So, I sit here. Thankful and hopeful that we’ll be given another life to form and love and share. She’ll be amazing. We’ll be amazing. It will be hard. Real talk: it will probably be even harder than it was the first time around. But, there’s this hope that keeps telling me it’s okay. So, I’m going to let it be okay.

Did you hear that? I’m going to let it be okay. Hope will slay the fears. I’m going to let it be okay.

The Voyager (and my awkward love letter to Jenny Lewis.)

What’s going on in your ears? No, no. Nothing gross like that. What are you listening to this summer? What can’t you turn off? Do you have a totally unnatural ability to listen to the same album so many times in a row that it seeps into every conversation and every dream you dream at night? And then you can’t help but blog a very awkward love letter to your favorite lady artist? Well, I do.

“The Voyager is an album to spend time with.” Aren’t all the good albums? I’m quoting Ken Tucker as he reviews, quite fondly, Jenny Lewis’s newest solo release. I’ve been listening to “The Voyager” since it dropped (do we still say that in 2014?) last Tuesday. Jenny Lewis is absolutely my favorite lyricist and singer from our current era. I’ve been listening to her since around 2000 and I totes remember her from her child acting days in the 80’s because yes, I’m that old. Jenny is why I finally tried the full, heavy bangs look two years ago. She’s why I started to tinker with the guitar, and she’s inspired me to write down words that might someday be lyrics. In general, though, she’s been the soundtrack of my life for the last fourteen years. Her deeply soulful music has seen me through some of my most depressing, anxious, sad times. And listening to music from those times really  reminds me how much better I am today. We all need that kind of reminder from time to time. Jenny’s music is that mile marker for me. It’s therapy, and it’s honest. For the longest time, every online bio I had simply read, “I’m just a girl that wishes she had words like Jenny Lewis to write this bio.”

Side Fun Fact: Hubs surprised me a few weeks into dating with tickets to a small live show of hers in San Diego. I hopped off the train, he presented me with the tickets, we went to a show being quite possibly the oldest people there, sea of beer on the floor, and quite possibly one of my favorite live music nights ever. Oh, and I finally told him I loved him after that. Because there he was making dreams come true without me even mentioning it.

“The Voyager” is good. It is damn good. It hasn’t pushed to the top and replaced my favorite of her other solo efforts. Rabbit Fur Coat (with The Watson Twins) probably holds that spot. I have a hard time narrowing it down. All of her music is so good and suits just about any mood I might be in on any given day. I can’t say that about any other music in my collection. The Voyager straddles the line between playful and melancholy like so much of her music. She’s a storyteller in the most seductive of tones.  It’s dripping with her expressive voice and bits of sunny pop that don’t annoy. It’s easy to listen to even if you have to listen a little harder to lyrics than with previous projects. She touches on some sad stuff, but it’s got a tone of hopefulness that is necessary with sad stuff. Yeah, “The Voyager” is worth the wait of six years between now and her last solo release.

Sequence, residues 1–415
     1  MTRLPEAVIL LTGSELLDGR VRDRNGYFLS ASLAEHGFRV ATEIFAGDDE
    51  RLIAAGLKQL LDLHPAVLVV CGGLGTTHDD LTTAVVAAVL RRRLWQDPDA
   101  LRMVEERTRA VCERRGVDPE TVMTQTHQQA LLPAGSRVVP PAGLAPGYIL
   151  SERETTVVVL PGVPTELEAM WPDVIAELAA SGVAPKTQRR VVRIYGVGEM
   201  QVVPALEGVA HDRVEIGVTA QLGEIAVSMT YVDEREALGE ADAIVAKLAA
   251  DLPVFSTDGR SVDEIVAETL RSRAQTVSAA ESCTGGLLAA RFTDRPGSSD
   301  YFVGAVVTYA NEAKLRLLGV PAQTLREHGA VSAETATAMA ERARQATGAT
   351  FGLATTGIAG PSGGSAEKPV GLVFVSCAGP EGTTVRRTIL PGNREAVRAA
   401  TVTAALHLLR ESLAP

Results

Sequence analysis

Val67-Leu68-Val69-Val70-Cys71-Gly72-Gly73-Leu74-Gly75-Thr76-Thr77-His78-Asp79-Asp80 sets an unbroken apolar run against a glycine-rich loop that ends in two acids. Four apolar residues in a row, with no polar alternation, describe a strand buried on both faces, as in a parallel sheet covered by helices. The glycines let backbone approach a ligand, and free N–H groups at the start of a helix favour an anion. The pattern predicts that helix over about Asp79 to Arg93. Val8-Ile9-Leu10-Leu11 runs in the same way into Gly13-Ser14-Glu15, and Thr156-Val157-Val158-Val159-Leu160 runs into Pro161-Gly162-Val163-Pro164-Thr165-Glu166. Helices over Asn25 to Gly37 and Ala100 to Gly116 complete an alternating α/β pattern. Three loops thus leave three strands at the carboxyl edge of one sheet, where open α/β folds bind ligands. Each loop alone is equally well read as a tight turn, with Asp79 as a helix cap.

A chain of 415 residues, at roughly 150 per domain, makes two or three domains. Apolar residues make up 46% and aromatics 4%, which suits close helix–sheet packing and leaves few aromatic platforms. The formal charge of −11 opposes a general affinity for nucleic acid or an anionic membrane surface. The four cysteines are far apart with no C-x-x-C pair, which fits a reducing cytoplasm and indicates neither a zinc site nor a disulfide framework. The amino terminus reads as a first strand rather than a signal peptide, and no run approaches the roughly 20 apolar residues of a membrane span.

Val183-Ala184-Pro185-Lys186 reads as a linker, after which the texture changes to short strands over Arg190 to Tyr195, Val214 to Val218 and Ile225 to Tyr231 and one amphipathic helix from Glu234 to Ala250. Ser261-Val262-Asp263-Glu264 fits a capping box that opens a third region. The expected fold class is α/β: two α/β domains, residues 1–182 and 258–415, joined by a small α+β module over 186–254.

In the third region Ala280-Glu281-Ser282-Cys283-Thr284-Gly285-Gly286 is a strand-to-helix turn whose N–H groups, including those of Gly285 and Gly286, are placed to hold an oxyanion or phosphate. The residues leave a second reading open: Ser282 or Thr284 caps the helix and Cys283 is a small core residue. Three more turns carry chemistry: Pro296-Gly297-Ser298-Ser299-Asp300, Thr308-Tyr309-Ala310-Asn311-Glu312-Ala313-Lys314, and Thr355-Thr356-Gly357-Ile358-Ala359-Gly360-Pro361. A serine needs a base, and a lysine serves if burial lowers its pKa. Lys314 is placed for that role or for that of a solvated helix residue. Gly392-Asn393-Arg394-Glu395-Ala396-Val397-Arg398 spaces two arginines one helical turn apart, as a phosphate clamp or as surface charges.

When music becomes part of your therapy, it becomes part of you. And though I don’t think I’m the type of girl Jenny Lewis is friends with, I’m the kind of girl she’s writing about, and there is a certain peace to that.

With Arms Outstretched

Adventuring: Chicago! (part two)

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Things I just adored about Chicago in no particular order: walking everywhere, the river running through it, the smells of a variety of ethnic cuisines (though, primarily pizza), the gorgeous old buildings – the art in the middle of a sidewalk/attached to buildings – stunning architecture, the Wicker Park neighborhood, sail boats on Lake Michigan, larger than I’ve ever seen ferris wheel on Navy Pier, Millennium Park, Bean (aka Cloud Gate), grubby streets, graffiti under the L, brick everywhere, friendly Midwest folks on the streets, how happy a slice of sausage Chicago style pizza made my hubs, eating baked goods and drinking coffee in a quiet spot by ourselves, the glittery views of skyline at night.

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We walked everywhere after parking our car, which we never retrieved until leaving the city. The river was charming and captivating as the sun lowered in the sky that night; I probably took over 50 pictures of the light on the water, shadows from the sky rises, people on boats living the life. The smells of so many foods just kind of assaulting my nose in the most marvelous of ways. The city is just stunning visually at every single turn, even the L has this way about its structure that is beautiful to me. I could see us shaking life up someday and buying an old brownstone in Wicker Park (in my day dreams anyways). Lake Michigan looks like an ocean when you’re standing on Navy Pier (I’ll take it!) Someday I’ll be brave and ride that ferris wheel with my boys. Millennium Park and the Bean were the perfect place to sip coffee, walk around, seeing the city as a backdrop. I’m weird, but I like the dirty, lived on streets in a real city. There was some really neat graffiti art all about. Brick buildings – period – swoon. It’s like being in LA or NYC, but the people are Midwest (and if you’ve spent time here, you’ll understand that). Hubs might leave me for that pizza someday – and I found it to be an amazing buttery crust – but a LAYER of sausage just isn’t my thing at all. We stopped at an Intelligentsia Coffee shop mostly because it was en route from the hotel to the Cloud Gate. Drinking good cold brew, eating a few bites of a really decadent almond croissant, while walking to find a spot under a tree outside Millennium Park. Standing in our hotel room, as the sun went down, and all the lights glittered up the city reminded me what I love about a lively city getaway.

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We’ll be returning to Chicago. Probably a lot. Because – as my hubs said – it’s one of the only cities in the US that we can make OURS. We both have no ties to it, no memories there with other people. We’re going to get to adventure it together and make it our own. I’m really looking forward to it.

PS. I can’t believe I didn’t mention the tacos we had at Big Star in Wicker Park. They totally rivaled those in San Diego. In fact, the al Pastor might have been BETTER than that of San Diego’s. We sat outside on the patio, the weather was perfectly warm, and the smells were insanely aromatic. Worth many returns.